From the ever optimistic W.L.Y. David of the Pasadena District “Some thought the year began with plague; others thought it began with tremendous opportunity!” (p.59)

Henry I Rasmus of San Diego District writes  “Perhaps no year will come again in the life of any one of us quite so memorable.  The visitation of an unparalleled scourge when death seemed to lurk on every passing breeze.” (p.62-63)

And though he is speaking of the great war, Merele N. Smith in his State of the Church address from 1919 on page 71 states “This is not a time for pessimism in the church but for Christian optimism and faith.  ‘It is daybreak everywhere.’ God is equal to the world’s emergency.  Out of the blackness and darkness of the world war, there dawns a new day, there rises a new world.”

And lest the Arizona Mission be forgotten, here are the words A.W. Adkinson District Superintendent, reported at the 38th annual session October 9-12, 1919 – it is interesting to note that due to quarantine there was no annual meeting for the  37th  session, it was conducted by the bishop and cabinet in correspondence with their pastors.

“My report today should constitute a brief resume of the past two years.  A year ago, after a successful year of service, we were unable to meet in annual session, but rather entered upon a year the opening three months of which were most depressing.” (p.23) “The quarantine against the influenza made it impossible to assemble the Mission for its annual session last year…On account of the influenza the new year opened under a gloom that we could not penetrate.  No services could be held.  No one wanted pastors to call.  Our pastors were helpless.   The authorities would not allow them to call on the sick.  The well were afraid to have them call lest they should bring the sickness.  Only at funerals were they in demand, and these had to be semi-private, and the utmost precaution taken to avoid the spread of the disease.” (p.25)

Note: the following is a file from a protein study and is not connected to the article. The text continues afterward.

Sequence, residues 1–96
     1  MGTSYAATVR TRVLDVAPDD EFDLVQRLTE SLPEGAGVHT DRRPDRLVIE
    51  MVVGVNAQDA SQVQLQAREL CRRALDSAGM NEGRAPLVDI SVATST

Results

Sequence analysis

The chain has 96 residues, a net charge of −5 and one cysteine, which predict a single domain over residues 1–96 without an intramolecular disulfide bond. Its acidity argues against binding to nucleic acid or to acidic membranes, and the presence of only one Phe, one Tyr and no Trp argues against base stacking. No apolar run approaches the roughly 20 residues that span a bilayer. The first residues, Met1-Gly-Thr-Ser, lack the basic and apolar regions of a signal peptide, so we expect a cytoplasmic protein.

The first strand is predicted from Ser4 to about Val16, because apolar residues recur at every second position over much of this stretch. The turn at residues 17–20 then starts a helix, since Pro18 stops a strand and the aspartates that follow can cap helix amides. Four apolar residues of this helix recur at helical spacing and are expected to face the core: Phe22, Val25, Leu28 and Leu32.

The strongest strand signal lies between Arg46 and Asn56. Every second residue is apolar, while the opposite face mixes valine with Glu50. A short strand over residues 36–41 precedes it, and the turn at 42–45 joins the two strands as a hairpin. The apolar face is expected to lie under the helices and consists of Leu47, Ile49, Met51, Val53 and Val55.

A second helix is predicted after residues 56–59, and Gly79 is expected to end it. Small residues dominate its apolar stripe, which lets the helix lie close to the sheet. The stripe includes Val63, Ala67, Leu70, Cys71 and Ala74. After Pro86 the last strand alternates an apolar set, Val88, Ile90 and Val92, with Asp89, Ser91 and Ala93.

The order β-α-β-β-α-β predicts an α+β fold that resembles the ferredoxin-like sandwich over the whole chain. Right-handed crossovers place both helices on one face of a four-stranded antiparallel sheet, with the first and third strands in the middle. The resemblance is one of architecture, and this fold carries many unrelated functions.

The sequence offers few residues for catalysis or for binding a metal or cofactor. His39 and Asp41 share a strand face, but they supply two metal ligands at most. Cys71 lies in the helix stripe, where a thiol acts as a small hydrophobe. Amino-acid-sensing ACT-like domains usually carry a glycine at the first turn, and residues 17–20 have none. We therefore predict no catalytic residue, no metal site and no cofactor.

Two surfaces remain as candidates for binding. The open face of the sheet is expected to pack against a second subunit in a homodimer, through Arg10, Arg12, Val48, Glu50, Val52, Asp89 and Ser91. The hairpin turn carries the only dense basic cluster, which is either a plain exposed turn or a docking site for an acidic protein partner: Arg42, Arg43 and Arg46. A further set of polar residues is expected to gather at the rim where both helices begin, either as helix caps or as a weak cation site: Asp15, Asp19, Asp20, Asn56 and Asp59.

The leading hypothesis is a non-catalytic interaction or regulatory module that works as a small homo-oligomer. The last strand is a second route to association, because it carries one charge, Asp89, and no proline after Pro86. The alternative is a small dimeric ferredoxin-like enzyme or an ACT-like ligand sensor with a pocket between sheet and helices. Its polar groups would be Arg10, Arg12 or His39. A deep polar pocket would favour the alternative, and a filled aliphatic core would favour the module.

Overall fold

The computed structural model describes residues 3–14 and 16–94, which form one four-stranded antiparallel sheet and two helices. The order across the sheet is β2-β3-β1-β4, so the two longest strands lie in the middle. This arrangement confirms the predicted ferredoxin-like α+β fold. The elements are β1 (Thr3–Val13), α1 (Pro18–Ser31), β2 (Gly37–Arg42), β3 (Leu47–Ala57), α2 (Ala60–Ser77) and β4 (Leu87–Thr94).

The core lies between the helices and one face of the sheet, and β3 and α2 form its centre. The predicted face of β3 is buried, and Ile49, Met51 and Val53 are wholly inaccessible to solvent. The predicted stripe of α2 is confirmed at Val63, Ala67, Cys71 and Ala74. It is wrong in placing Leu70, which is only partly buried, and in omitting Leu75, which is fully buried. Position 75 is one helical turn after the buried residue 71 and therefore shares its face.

He closed this report out  with  the following words “My brethren, I call you to the heartiest and most loyal cooperation along all lines this year to the end that in the work of soul-saving and soul-training this may  be the best year we have ever seen.  Let us hear the Master saying, “Whatsoever ye  shall ask in my name I will do it”; and “If ye abide in me and my words abide in you, ye shall ask what ye will and it shall be done unto you.”   These are the promises under which we have a right to go out expecting confidently a year of  great and very blessed victory.”

And so, with these words ringing out across 101 years reminding us that there is a future beyond this pandemic, may we turn to the reassurance that our present dwells in the love of God in Christ and hear the echo from vs 38 of Romans Chapter 8 “For I am convinced that nether death, nor life, nor angels, nor rulers, nor things present, nor things to come, nor powers, nor height, nor depth, nor anything else in all creation, will be able to separate us from the love of God in Christ Jesus our Lord.”